Stemina, a cell-based assay spinout from the University of Wisconsin, Madison, is hoping that by combining two emerging technologies — metabolomics and human embryonic stem cells — it will gain a competitive advantage in the drug discovery-services market.
The company was founded late last year by CEO Elizabeth Donley, who previously served as general counsel and director of business development for the Wisconsin Alumni Research Foundation, and CSO Gabriela Cezar, who heads the Stem Cell Safety Sciences Lab at UW-Madison.
Last week at Cambridge Healthtech Institute’s Molecular Medicine Tri-Conference in San Francisco, Cezar gave a talk on the company’s technical foundation, a metabolomics platform that screens human embryonic stem cells to predict the toxicity of candidate drug molecules.
Cezar noted that animal studies are not only expensive, but they are “limited in their ability to predict human response.” Standard human cell lines, meanwhile, are generally not the same cell type as the target of toxicity and often have a limited life span. Because human embryonic stem cells can differentiate into a variety of cell types, they offer a promising alternative for toxicity screening, she said.
Cezar said that the advantage of metabolomics, which uses mass spectrometry to identify small molecules that are differentially secreted across multiple samples, is that it can identify biomarkers for toxicity that can then be developed into diagnostic tests.
Donley told Cell-Based Assay News in a follow-up interview this week that while the company initially plans to offer drug-screening contract services, “Ultimately, I think the real value of the company will be not just in the service model, but the more interesting piece will be in developing a robust set of biomarkers in a particular area of interest.”
Once the firm identifies biomarkers in stem cell lines, she said, it plans to work on identifying the same metabolites in serum, urine, or other bodily fluids that would enable it to develop a non-invasive test. This approach is expected to work particularly well in biomarker-based tests that monitor how patients respond to drugs over the course of long-term treatment, as in cancer. The stem cell-based approach would enable the firm to identify biomarkers of response in a fully human system “without having to dose a human,” she said.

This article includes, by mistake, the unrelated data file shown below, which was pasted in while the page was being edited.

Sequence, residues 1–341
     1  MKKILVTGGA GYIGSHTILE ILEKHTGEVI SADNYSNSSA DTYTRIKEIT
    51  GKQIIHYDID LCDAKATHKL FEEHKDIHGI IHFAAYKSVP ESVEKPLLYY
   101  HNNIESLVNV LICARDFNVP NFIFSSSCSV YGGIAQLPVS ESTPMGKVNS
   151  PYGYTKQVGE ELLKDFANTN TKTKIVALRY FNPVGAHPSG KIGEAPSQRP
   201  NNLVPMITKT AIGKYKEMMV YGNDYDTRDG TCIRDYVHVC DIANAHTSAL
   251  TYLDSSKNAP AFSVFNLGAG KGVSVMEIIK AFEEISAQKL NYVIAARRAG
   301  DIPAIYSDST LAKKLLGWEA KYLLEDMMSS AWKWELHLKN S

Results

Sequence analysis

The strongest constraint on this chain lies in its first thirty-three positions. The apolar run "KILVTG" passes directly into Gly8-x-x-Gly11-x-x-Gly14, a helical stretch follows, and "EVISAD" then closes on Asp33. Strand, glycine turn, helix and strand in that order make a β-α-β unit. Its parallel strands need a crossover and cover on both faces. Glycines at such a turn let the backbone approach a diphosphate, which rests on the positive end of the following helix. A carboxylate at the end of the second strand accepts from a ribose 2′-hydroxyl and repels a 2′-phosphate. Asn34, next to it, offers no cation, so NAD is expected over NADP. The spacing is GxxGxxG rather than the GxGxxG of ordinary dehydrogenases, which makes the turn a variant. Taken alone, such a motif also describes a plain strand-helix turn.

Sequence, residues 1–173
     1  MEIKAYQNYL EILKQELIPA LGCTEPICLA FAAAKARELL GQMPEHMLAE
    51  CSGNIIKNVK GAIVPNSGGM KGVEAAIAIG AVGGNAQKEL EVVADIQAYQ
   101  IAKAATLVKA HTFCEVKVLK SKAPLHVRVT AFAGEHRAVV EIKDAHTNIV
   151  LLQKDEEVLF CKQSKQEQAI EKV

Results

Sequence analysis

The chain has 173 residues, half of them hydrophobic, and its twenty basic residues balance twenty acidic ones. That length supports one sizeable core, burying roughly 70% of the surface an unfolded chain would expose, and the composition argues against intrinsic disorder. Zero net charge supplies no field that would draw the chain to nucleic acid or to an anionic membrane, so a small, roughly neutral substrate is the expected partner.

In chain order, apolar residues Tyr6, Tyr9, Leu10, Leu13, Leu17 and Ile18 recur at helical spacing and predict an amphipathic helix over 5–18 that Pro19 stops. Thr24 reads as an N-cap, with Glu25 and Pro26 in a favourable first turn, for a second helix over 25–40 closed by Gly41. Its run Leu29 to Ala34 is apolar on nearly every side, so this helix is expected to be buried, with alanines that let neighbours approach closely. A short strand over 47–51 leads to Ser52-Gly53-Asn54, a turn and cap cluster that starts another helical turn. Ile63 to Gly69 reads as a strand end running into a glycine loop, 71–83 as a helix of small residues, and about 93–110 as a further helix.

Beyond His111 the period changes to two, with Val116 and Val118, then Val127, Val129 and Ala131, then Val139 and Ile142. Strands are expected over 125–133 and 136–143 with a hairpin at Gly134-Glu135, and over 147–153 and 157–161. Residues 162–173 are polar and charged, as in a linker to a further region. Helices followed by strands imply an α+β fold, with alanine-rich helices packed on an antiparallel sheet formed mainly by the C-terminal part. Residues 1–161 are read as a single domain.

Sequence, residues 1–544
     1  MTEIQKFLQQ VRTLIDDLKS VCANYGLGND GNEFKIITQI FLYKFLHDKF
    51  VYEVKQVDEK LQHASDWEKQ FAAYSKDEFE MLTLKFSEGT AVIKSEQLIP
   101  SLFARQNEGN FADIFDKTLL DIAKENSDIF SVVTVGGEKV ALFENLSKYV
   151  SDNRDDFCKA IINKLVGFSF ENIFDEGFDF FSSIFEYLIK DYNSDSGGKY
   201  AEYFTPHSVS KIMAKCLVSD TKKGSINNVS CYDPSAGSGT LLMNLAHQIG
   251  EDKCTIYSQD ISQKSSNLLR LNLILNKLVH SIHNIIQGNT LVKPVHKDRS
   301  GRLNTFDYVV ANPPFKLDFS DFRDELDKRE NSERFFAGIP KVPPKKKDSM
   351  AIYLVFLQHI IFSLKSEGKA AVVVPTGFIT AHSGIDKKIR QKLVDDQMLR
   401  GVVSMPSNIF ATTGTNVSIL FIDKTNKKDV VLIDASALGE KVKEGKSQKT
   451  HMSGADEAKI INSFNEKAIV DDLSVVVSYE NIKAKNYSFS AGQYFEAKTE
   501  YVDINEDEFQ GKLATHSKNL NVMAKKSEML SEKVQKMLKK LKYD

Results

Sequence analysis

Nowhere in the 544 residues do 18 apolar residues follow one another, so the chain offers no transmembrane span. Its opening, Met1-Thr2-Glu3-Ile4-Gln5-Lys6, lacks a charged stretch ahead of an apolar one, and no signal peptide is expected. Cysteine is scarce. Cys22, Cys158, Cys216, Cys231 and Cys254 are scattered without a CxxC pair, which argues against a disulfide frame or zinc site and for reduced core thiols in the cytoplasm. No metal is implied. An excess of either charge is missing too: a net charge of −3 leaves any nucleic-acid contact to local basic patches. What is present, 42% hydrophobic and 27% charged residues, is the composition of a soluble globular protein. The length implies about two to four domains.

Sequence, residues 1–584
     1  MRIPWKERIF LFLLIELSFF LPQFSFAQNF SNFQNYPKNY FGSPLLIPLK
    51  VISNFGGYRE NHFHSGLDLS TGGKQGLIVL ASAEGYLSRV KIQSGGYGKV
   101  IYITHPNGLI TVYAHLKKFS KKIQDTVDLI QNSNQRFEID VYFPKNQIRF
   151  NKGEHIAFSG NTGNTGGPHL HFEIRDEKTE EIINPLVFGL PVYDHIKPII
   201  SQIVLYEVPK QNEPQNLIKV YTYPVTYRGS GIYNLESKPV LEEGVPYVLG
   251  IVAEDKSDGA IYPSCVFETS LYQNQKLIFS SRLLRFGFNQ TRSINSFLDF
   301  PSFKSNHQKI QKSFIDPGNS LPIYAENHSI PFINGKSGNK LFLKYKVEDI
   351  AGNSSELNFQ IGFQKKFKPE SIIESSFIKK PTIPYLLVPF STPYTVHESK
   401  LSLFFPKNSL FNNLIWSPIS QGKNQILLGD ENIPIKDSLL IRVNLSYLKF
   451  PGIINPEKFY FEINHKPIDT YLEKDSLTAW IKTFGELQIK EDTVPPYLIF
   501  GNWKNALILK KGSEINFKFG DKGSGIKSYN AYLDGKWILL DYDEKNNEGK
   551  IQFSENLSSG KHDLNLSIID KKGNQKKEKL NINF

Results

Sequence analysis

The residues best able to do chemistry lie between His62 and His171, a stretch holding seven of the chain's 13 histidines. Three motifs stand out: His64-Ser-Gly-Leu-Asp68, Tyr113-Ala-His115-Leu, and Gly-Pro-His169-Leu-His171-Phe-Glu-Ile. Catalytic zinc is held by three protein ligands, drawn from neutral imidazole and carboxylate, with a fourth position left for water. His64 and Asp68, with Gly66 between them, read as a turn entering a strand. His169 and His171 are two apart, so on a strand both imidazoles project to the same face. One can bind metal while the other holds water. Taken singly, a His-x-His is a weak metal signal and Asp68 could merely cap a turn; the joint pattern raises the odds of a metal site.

In her presentation, Cezar described a proof-of-concept study based on the anti-epileptic drug valproate, which is known to cause birth defects such as spina bifida. The goal of the study, she said, was to identify a set of metabolic biomarkers that could be used to predict which women might be at risk.
Cezar and her colleagues first exposed undifferentiated human ESCs to valproate, and later repeated the study using neuronal precursors. After analyzing the mass spec data, the researchers identified a set of differentially secreted metabolites that showed promise as potential diagnostic biomarkers, she said. One of these, kynurenine, a metabolite of tryptophan, was identified as a potential biomarker in a similar study published by Amgen at around the same time, Cezar said.
Leaving the Nest
Stemina is currently operating out of the Stem Cell Safety Sciences Lab at UW-Madison, but plans to rent its own space — and buy its own mass spectrometer — by July 1.
To do so, the firm will need to raise some cash. Donley said the company hopes to do that through a mix of venture capital funding, matching grants from the state of Wisconsin, and contract revenues. Donley and Cezar met with a number of potential investors and customers at last week’s Tri-Conference and Donley said she’s confident that the company will be able to meet its goal of raising $1 million in angel financing and penning two customer contracts by the end of the year.
“Ultimately, I think the real value of the company will be not just in the service model, but the more interesting piece will be in developing a robust set of biomarkers in a particular area of interest.”
Stemina is one of several firms looking to capitalize on the short-term promise of stem cells as drug-discovery tools rather than gambling on the longer-term goal of stem-cell-based therapeutic products. Companies like Stem Cell Sciences and Stem Cell Innovations are both developing human stem cell lines for high-throughput drug screening [CBA News 02-23-07].
The company’s focus on metabolomic biomarkers sets it apart from potential competitors, however, and the firm is hoping to retain its unique position in the marketplace via IP protection. Donley said that Cezar has filed several patents for the technology through the Wisconsin Alumni Research Foundation, one of which is a “broad patent” claiming human embryonic stem cells in combination with metabolomics for drug screening, drug discovery, and diagnostics.
Stemina’s goal is to provide “another layer of confidence for the pharmaceutical industry,” Donley said.
“The idea is to build a system that will allow the pharmaceutical industry to identify drugs that should fail earlier and to identify promising candidates with greater confidence,” she said. “So it’s not to say that you’d do away with doing animal trials. Certainly we can run our metabolomics platform — and probably will — in collaboration with a biotechnology firm that does mouse preclinical work. We can run mouse serum or mouse urine on the mass spec and do metabolomics to cross-tie the results with what they’re seeing in the mice in other tests, as well as what we might see in a human embryonic cellular assay system.”
She added that the metabolomics platform can work with any cell type, “so it’s just a question of getting the right starting material.”